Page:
The quest for a new social model has to start with economics. America could survive without growing prosperity and rising standards of living, but it would not flourish — and it would not be living up to its potential to create a better life not only for Americans but for people all over the world. Green dreamers and communitarians disagree, often eloquently but always futilely; the drive for economic prosperity is deeply planted in American politics and society. When the economy isn’t performing well, politicians lose their jobs while the public looks for alternative ideas.
The quest for economic prosperity helped make the blue social model, and the failure of that model to deliver continuing prosperity in contemporary conditions is both a symptom of and a leading reason for its decline. The mass prosperity of “Fordism” depended on economic conditions that no longer hold. High paid manufacturing jobs and many clerical and middle management positions are disappearing. Some jobs are outsourced to cheaper foreign countries; others disappear as automation increases productivity and decreases the number of people needed to accomplish various tasks. The stable oligopolies and monopolies that once dominated the American economy have disappeared in the face of heightened international competition and accelerated technological change. As formerly large and stably profitable corporations had to scramble to survive, they no longer could afford lifetime employment, friendly relations with strong unions, and generous health care and retirement benefits.
Economically, the decline of the blue social model presents Americans with some urgent questions: how can we generate a rising standard of living for our citizens in a post-Fordist world? If manufacturing and stable oligopolies won’t underpin lifetime employment and rising wages for new generations of Americans, what are we going to do instead?
To start answering these questions we have to think about whether the United States enjoys any comparative advantages or can we develop some that, wisely deployed, could provide us with the kind of rising living standards that we have enjoyed in the past?
It’s clear that many such advantages exist and some are even becoming more prominent and useful. In the energy sector, homegrown shale gas and shale oil plus large new discoveries in the western hemisphere suggest that 21st century America will enjoy secure access to an abundant and varied mix of fuel from nearby and friendly neighbors. Blessed by a favorable climate and rich soil, our agricultural productivity will continue to astound. Our geographical location, which gives us access to both of the world’s greatest ocean trading basins while protecting us against invasion by other great powers, remains a tremendous advantage. The language we speak continues to develop as the global lingua franca, giving every American citizen and American business a significant boost.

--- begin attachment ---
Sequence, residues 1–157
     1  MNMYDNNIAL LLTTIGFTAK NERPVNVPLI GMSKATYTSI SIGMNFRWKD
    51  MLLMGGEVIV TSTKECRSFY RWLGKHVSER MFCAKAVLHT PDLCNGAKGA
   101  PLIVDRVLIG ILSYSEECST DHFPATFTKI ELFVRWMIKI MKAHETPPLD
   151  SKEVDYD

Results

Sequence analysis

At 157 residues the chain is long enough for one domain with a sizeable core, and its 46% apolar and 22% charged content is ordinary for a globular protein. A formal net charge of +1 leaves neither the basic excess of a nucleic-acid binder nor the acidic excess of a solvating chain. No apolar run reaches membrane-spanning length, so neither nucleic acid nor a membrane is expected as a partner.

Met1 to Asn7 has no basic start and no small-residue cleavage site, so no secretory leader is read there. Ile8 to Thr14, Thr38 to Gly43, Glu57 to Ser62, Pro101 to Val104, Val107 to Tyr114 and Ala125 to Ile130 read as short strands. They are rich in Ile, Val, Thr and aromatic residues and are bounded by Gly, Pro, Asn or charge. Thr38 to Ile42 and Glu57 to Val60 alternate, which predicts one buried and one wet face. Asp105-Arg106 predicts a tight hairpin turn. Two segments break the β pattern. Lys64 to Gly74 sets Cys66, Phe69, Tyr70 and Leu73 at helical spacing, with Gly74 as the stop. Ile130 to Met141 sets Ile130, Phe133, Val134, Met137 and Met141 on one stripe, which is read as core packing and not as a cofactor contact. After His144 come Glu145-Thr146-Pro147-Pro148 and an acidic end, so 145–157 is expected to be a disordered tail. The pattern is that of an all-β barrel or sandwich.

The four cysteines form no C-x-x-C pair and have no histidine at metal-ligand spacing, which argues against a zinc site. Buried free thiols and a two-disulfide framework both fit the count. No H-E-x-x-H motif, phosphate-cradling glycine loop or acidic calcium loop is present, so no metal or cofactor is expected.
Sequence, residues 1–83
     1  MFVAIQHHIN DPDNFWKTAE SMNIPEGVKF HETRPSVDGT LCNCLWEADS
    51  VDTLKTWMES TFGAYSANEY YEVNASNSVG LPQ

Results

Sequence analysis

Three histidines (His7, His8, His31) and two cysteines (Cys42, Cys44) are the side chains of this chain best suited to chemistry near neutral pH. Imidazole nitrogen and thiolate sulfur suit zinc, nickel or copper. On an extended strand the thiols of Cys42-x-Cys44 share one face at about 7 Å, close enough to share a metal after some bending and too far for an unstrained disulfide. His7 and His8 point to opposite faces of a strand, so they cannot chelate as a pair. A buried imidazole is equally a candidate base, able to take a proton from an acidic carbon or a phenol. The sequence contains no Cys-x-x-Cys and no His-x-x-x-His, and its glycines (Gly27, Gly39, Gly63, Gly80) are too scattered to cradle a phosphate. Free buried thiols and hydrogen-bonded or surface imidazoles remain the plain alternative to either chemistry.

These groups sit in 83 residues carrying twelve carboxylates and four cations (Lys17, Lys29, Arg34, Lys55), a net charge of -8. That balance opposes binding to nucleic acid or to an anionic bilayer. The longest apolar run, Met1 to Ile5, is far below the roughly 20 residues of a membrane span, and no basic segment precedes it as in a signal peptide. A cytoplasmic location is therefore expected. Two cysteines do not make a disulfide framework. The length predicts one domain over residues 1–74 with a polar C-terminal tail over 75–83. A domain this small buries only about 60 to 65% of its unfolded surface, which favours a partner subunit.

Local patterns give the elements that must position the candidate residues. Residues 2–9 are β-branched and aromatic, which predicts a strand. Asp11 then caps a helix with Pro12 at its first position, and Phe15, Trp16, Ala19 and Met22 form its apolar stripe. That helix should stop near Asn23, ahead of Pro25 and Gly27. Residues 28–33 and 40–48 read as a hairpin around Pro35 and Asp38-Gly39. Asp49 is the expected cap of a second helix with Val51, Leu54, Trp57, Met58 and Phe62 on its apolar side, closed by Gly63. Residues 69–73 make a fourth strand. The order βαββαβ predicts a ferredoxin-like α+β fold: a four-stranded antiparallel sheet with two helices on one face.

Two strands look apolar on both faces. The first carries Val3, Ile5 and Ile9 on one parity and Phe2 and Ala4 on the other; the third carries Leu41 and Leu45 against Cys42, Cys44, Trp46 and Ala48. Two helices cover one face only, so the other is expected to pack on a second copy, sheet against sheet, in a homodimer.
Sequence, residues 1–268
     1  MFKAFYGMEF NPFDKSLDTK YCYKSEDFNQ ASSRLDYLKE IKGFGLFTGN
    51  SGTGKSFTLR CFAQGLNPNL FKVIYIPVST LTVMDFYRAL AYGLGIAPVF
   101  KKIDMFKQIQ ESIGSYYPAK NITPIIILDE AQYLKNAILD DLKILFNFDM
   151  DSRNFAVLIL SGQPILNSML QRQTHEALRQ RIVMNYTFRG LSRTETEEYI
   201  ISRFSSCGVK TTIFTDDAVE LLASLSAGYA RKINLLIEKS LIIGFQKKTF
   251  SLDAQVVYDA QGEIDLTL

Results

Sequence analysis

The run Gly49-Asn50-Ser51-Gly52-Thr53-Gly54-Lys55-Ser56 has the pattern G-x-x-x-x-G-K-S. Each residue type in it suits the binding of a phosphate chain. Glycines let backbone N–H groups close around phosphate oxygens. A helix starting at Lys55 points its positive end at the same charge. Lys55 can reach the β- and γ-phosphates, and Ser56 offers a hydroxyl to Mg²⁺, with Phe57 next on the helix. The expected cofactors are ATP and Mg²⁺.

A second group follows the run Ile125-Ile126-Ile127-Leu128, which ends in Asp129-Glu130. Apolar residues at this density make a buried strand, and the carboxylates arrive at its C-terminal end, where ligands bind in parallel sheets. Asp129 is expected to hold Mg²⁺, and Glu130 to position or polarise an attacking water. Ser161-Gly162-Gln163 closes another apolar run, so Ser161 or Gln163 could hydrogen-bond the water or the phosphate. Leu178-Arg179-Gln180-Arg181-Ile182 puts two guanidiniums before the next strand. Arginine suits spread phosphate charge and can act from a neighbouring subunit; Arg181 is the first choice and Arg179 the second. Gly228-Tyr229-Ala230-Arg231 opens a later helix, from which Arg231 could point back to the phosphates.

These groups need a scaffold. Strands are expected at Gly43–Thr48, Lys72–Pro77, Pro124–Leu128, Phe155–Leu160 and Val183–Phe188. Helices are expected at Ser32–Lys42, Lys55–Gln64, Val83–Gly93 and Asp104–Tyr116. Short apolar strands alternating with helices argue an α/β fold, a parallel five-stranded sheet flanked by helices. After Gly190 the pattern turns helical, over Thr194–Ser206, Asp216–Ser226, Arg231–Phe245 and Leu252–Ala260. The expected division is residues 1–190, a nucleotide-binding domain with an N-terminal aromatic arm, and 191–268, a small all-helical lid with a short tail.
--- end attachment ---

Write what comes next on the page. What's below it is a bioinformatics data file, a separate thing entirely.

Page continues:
These are advantages we have enjoyed for centuries and they are likely to loom larger in the 21st century even than in the recent past. We have grown proficient at using and enhancing these advantages and we need to continue to do so moving forward. Just based on these factors, fears that we are sinking back to some kind of dystopian, third world future are, I think, overblown. But our greatest advantages are cultural and political and it is to these that we must ultimately look for the prosperity we want in the decades to come.
I’ve written about these advantages at some length in God and Gold: Britain, America and the Making of the Modern World, and I won’t repeat those arguments here. The upshot is that among all the countries in the world, the United States and a handful of English speaking societies have some unique strengths. We do better at combining rapid innovation with social and political stability than others do. Since 1688, the English speaking world has seen only two successful violent revolutions, and even the American Revolution was largely non-violent with royalist governors peacefully replaced until the British army arrived to reconquer the colonies. (The other successful violent revolution was the secession of Ireland from the United Kingdom in 1919.) The UK, the US, Canada, Australia, New Zealand and, since independence, Ireland have had remarkably stable political histories and show great continuities in culture even as they have remained at the forefront of economic and technological change.
Despite a history of booms and busts from the South Sea Bubble to the 2008 meltdown, their financial histories have also been more stable than those of other countries; since the establishment of the Bank of England in the late seventeenth century, the political stability of the English speaking world has contributed to economic stability. Investors have been able to buy long term bonds in the English-speaking world with confidence since the 18th century. No other significant global economic or political centers have this kind of track record, though the Dutch come close. (Ugly budget pictures today in Ireland, the US and the UK tell us that we should not take these economic advantages for granted. Fortunately, in all three countries there seems to be some real political will to turn things around.)
The English-speaking world has been at the heart of the process of modernization with all the upheaval and uncertainty this process brings in train, but through it all these countries have somehow remained more stable and reliable than others. We change faster than others do in response to new opportunities and new technological possibilities — but we don’t lose our balance in the process.